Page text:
The Burberry Makers House has returned for another season to showcase its latest collection and inspiration, which this season is the late British sculpture Henry Moore, and you can see his work alongside the beautiful Burberry clothes. I gushed a lot about the Makers House in September, if you didn’t see check out my blog post, then it was dedicated to British craftsmanship and this February’s edition is all about the Henry Moore’s inspiration and process.
Last year, it felt like a brand extension, everything pointing back to Burberry, not a bad thing it is their pop-up space and collection, this time around it felt like a fully-fledged exhibition, something that maybe the Victoria & Albert museum would put on. It doesn’t just showcase the clothes, it examines the way a designer label puts together its collections, from the initial inspiration to the explanation of how pieces were put together, as well as a look at the art behind the clothes, the sculptures of Henry Moore.
The whole exhibition, which might I add is free to view, is mesmerising, especially the entrance section, The Cape Reimagined, some of the Burberry capes are more like pieces of art that fashion, and I totally fell in love. It’s the capes of this collection that totally blew me away on the catwalk, the collection was already a bit of departure for Burberry, I love this more romantic aesthetic with the looser silhouettes of the classic trench coats to the choirboy ruffles, the delicate lace embroidery, and the oversized shirts. I’ve felt for the past few seasons that Christopher Bailey has just been going with the flow, this fashion week he showed his creative brilliance, and I adored it.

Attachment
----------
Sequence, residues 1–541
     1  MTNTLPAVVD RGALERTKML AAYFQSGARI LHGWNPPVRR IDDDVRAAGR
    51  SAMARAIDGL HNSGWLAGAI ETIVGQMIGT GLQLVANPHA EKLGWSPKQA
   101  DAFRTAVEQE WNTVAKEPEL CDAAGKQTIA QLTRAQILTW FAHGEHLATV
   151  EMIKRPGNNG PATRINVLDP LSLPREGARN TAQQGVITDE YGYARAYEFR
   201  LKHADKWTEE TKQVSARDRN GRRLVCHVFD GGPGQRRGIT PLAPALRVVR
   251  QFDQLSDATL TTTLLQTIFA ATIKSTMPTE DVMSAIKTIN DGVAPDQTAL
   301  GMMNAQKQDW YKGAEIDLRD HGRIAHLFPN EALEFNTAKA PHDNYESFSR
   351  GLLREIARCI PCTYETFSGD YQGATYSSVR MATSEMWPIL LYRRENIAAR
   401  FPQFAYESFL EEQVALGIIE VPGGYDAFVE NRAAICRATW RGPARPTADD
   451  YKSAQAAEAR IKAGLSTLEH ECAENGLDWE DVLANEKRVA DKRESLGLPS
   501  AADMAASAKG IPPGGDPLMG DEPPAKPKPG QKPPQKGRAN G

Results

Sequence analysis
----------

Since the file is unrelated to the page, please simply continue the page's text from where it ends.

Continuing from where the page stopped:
Burberry – The Cape Reimagined
All the glorious capes, all 78 couture capes from the Burberry catwalk show are all on display, each one more beautiful than the next, all inspired by the scale and form of Henry Moore’s elemental sculptures. What I adored, not only the beauty of the pieces, but the fact that underneath each was a little information on the craftsmanship and history of the design, from how they were made to how long they took and even how much fabric was needed. For instance, the feathered beauty, each piece took 15 hours to embroider, while the smock velvet cape is articulated in 30 metres of chantilly lace and tulle, and the looking glass piece of art is made from more than 170 reclaimed looking glasses, which have all been hand-sewn onto metallic paillette embroidery in reference to Henry Moore’s use of found objects.
Each piece is handmade, available for special order, and described by Burberry as collector pieces that “represent the very essence” of the label. Plus these capes will be going on a tour, visiting Burberry’s flagship stores in Paris, Tokyo and Los Angeles.
Henry Moore: Inspiration & Process At Makers House
The week-long exhibition features 40 Henry Moore sculptures, monumental bronzes, drawings and maquettes, including the Working Model for Oval with Points seen above, as well as a whole wall dedicated to Moore’s found objects, and reconstruction of his studio. I found it so interesting to be able to discover the man and the works that Christopher Bailey was deeply inspired by for this collection, as you can clearly see it throughout the pieces.
Open until February 27, the exhibition will also hold a number of workshops and events including printmaking, textile printing, life drawing and a wax resist watercolour class, as well as live acoustic performances.
At Burberry, we are always fascinated by the making process, where it is hidden and where it is revealed. Images of Moore in his studio, the stripes of his apron, the tools of his trade, the artist at work, ended up feeding into the collection itself – Christopher Bailey[/su_quote]